European Pilot Ruling Delayed
European pilots flying under FAA certificates and with N-registered aircraft have a couple of months of breathing room in which to press their case against proposed rule changes they believe will seriously damage general aviation in Europe. A conciliation committee between the European Union Commission and the national governments has delayed until December a decision on rule changes put forth by the European Aviation Safety Agency (EASA). The rules would have essentially eliminated the longstanding practice of thousands of pilots maintaining and operating GA aircraft under American regulations. The meeting was held in private and there are no transcripts or minutes available to the public, but the delay itself is seen as a hopeful sign.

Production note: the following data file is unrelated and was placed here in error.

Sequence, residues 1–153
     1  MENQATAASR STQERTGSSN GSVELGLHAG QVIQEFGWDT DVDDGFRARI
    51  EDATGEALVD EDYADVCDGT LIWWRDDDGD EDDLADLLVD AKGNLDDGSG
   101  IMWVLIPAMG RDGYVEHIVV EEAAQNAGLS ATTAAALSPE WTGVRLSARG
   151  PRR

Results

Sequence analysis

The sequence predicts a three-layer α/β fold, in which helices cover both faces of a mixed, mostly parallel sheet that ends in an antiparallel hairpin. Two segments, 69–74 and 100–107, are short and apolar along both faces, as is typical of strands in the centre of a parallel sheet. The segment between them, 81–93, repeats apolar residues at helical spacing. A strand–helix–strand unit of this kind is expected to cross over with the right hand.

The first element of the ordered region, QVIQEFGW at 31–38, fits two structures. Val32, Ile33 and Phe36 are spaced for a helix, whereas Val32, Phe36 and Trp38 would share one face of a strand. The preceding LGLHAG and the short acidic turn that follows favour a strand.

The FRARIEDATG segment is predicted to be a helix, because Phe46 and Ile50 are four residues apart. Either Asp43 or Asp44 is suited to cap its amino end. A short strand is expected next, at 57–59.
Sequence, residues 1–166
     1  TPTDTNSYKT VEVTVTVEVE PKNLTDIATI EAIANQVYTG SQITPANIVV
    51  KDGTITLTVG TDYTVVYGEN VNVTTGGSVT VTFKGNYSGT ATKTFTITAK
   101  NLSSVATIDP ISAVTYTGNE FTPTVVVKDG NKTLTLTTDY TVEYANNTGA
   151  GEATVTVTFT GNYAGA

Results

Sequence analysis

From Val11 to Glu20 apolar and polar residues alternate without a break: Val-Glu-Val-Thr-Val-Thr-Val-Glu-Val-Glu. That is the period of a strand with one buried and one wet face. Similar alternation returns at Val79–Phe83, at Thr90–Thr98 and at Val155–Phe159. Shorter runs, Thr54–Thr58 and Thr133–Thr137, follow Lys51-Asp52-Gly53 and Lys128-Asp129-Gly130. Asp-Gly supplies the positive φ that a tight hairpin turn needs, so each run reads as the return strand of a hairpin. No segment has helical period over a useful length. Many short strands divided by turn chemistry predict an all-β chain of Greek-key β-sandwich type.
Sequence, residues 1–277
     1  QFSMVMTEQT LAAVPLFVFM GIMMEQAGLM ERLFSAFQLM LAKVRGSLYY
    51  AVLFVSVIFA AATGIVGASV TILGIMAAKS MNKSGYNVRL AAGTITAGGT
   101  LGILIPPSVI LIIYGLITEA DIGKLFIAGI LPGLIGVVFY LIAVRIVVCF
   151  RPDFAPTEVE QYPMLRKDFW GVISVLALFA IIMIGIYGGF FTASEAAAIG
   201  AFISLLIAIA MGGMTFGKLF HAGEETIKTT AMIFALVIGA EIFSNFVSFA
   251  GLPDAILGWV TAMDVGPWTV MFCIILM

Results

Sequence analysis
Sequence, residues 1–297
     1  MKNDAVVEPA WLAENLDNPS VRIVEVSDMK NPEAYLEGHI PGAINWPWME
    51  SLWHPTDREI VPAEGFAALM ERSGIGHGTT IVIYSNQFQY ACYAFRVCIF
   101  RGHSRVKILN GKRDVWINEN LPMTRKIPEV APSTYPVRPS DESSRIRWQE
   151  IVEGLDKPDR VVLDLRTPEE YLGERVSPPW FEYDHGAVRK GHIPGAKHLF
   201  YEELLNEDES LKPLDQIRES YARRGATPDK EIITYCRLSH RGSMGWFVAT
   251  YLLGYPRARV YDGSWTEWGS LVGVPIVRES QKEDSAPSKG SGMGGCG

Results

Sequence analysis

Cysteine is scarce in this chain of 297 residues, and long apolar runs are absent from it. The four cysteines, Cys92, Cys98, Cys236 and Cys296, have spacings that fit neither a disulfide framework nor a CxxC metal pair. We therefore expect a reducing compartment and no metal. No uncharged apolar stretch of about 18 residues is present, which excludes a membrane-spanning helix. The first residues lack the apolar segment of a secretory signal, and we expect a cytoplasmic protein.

According to Jan Brill, managing editor of Pilot und Flugzeug Magazine, indications are that the conciliation committee favors a softer stance on the issue of so-called "third country aircraft" and that the issue won't be resolved any time soon. The EASA proposal would have required pilots currently flying on FAA IFR tickets to pass the ATP-style instrument ratings in force in Europe. Aviation groups in Europe almost universally panned the proposals, saying they would have devastated GA there.